In the context of our complex and sometimes chaotic world, MaKenzie looks forward to exploring what creates hope and resilience in others. As she draws on her interest in feminism and religion, and her progressive political values, MaKenzie wishes to explore these subjects in relation to the experience of hope. She is excited to take a step outside of her field of engineering to explore a range of globally relevant topics. She also hope that this opportunity will help her grow into a more well-rounded individual who is capable of collaborating with a broader spectrum of people. This experience will also serve as a strong foundation for her future career in international development. MaKenzie hopes to travel to Ecuador, Argentina, Chile, Morocco, Jordan, Israel, Tanzania, Kenya, and Madagascar.

Photo of Sarah Forrest

Sarah Forrest
Public Health-Global Health with Departmental Honors; Nutritional Sciences (minor)
Hometown: Newport, OR
Sarah plans to explore foods across different countries and the role of food within cultures and religions. Through her travels, she hopes to develop more globalized—and less western-centered—knowledge and beliefs surrounding food, nutrition, and health. Specifically, she aims to explore multicultural perspectives and approaches to understanding and attaining health in different regions of the world. After completing her travels and working for a few years, Sarah plans to earn a master’s degree in Public Health and pursue a career in the global health field. Sarah hopes to travel to Brazil, Peru, Chile, India, Thailand, Indonesia, Vietnam, and China.

Photo of Daniel GodfreyDaniel Godfrey
Medical Anthropology & Global Health with Interdisciplinary Honors; Human Rights, and International Studies (minors)
Hometown: Renton, WA
Dan is on the hunt for a changed perspective and a more in-depth and nuanced understanding of the human experience, across cultures and regions. In his travels he hopes to learn about a diverse range of religious traditions and how these traditions can facilitate greater conflict and/or harmony. As a student of global health and human rights who has read extensively about the rights of different people and places, he now seeks to gain a real-world understanding of our global community. Dan hopes to travel to Israel, Jordan, Turkey, Nepal, India, Chile, Argentina, and Bolivia.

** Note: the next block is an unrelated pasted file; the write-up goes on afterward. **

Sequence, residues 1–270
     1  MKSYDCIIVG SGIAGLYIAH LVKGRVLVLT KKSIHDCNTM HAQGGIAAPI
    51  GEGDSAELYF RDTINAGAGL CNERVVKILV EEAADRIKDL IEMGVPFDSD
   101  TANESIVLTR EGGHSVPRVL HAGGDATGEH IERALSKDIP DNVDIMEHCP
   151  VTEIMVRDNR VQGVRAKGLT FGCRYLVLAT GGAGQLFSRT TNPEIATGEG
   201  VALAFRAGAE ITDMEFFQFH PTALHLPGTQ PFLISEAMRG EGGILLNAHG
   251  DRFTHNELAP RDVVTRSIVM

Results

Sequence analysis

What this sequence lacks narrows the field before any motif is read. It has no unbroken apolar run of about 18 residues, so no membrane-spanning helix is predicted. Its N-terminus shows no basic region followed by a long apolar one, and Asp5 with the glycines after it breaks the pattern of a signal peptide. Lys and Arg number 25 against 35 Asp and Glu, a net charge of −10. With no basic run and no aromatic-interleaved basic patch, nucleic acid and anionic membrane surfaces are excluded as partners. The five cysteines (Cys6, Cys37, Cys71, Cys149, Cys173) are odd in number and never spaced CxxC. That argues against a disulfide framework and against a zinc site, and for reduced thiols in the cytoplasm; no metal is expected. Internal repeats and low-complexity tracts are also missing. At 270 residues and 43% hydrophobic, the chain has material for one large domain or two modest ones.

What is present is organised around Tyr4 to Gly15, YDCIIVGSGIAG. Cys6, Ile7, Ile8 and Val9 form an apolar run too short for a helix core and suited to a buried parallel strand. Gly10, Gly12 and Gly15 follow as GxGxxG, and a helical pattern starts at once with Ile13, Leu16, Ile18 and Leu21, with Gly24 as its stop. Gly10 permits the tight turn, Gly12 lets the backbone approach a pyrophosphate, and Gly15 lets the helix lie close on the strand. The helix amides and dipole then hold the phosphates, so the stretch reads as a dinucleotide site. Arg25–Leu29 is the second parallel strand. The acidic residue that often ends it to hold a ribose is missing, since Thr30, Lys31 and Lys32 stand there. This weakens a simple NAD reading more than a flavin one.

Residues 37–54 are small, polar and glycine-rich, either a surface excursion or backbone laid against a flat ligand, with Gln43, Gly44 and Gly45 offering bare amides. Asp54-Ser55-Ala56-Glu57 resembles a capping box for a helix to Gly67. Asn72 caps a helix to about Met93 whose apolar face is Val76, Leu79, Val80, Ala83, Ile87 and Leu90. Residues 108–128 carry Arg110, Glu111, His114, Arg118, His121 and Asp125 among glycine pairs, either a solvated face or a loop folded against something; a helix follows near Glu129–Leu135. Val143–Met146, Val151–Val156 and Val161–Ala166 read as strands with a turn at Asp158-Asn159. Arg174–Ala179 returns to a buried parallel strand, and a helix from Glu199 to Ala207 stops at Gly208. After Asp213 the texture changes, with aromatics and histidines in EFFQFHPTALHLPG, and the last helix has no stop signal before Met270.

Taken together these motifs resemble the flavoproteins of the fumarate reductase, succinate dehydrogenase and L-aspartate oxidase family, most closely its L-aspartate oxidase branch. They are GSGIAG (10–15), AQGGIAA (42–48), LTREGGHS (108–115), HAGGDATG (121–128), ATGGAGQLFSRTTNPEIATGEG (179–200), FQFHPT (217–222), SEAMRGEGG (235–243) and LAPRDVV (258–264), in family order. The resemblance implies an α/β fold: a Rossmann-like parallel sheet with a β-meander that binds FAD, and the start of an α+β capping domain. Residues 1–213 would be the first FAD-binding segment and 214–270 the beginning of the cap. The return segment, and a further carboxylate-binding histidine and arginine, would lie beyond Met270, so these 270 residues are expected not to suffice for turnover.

Photo of Savannah LawtonSavannah Lawton
Hometown: Flagstaff, AZ
As a lover of the outdoors, Savannah hopes to experience the variety of landscapes around the world. She is an avid hiker and she hopes to trek in Patagonia, the Himalaya, and more. Savannah hopes her time traveling will help inform her how to be a good global citizen in ways that schooling cannot. Given that she plans to spend the next decade in academia becoming a surgeon, this travel opportunity is rare and valuable. Savannah plans to travel to Iceland, Mongolia, Nepal, Vietnam, Argentina, Chile, Peru, and the Galápagos Islands.

Photo of Angelia MirandaAngelia Miranda
International Studies & Philosophy with Departmental Honors
Hometown: Kent, WA
Angelia has shaped her itinerary to trace a path alongside local celebrations of cultural, religious, and historical importance. She is excited to experience these celebrations as well as the daily rhythms of life in diverse and new settings. This will be her first significant international journey since immigrating to the US as a young girl.  As an aspiring advocate in public policy and law, she hopes to gain a deeper understanding of those whose backgrounds and identities differ from her own in order to better defend those in the world who are marginalized, underserved, and misrepresented. Angelia also hopes to discover sources of human resilience in the face of economic, geographic, and cultural challenges. Angelia hopes to travel to Turkey, Mongolia, China, Cambodia, Laos, Thailand, Argentina, and Chile.

Photo of Bryan NakataBryan Nakata
Communications: Journalism
Hometown: Pullman, WA
Bryan was exposed to many diverse cultures during his academic career in Seattle, and he hopes to continue building on this with a global perspective through the Bonderman Fellowship. He also expects to learn to connect with others on a more individual level, discover other methods of storytelling, and further explore how to relate across cultural difference. In addition, he hopes to gain insights as to how other people in the world find fulfillment in their lives. Bryan’s travel itinerary includes Thailand, India, Japan, Egypt, South Africa, Ghana, Bolivia and Peru.

Photo of Robert SternbergRobert Thadeus Sternberg
Environmental Science & Resource Management with Departmental Honors; Quantitative Science (minor)
Hometown: Newbury, NH
Thadeus plans to explore how people around the world rely on their natural spaces and resources, and how environmental protection laws may differ among countries. He also wants to see how a combination of government, citizens, and indigenous people manage these unique and often imperiled places. Thadeus developed his knowledge of the United States’ laws regarding land use, park systems, and endangered species through studies in resource management and wildlife conservation. He believes that with a greater understanding of other countries laws, or lack thereof, he will gain a better understanding of non-westernized laws and perspectives in his field.  He hopes to visit countries with unique ecosystems including China, Nepal, Vietnam, Laos, Kenya, Tanzania, Zambia, Madagascar, Ecuador, Chile, Argentina, and Papua New Guinea.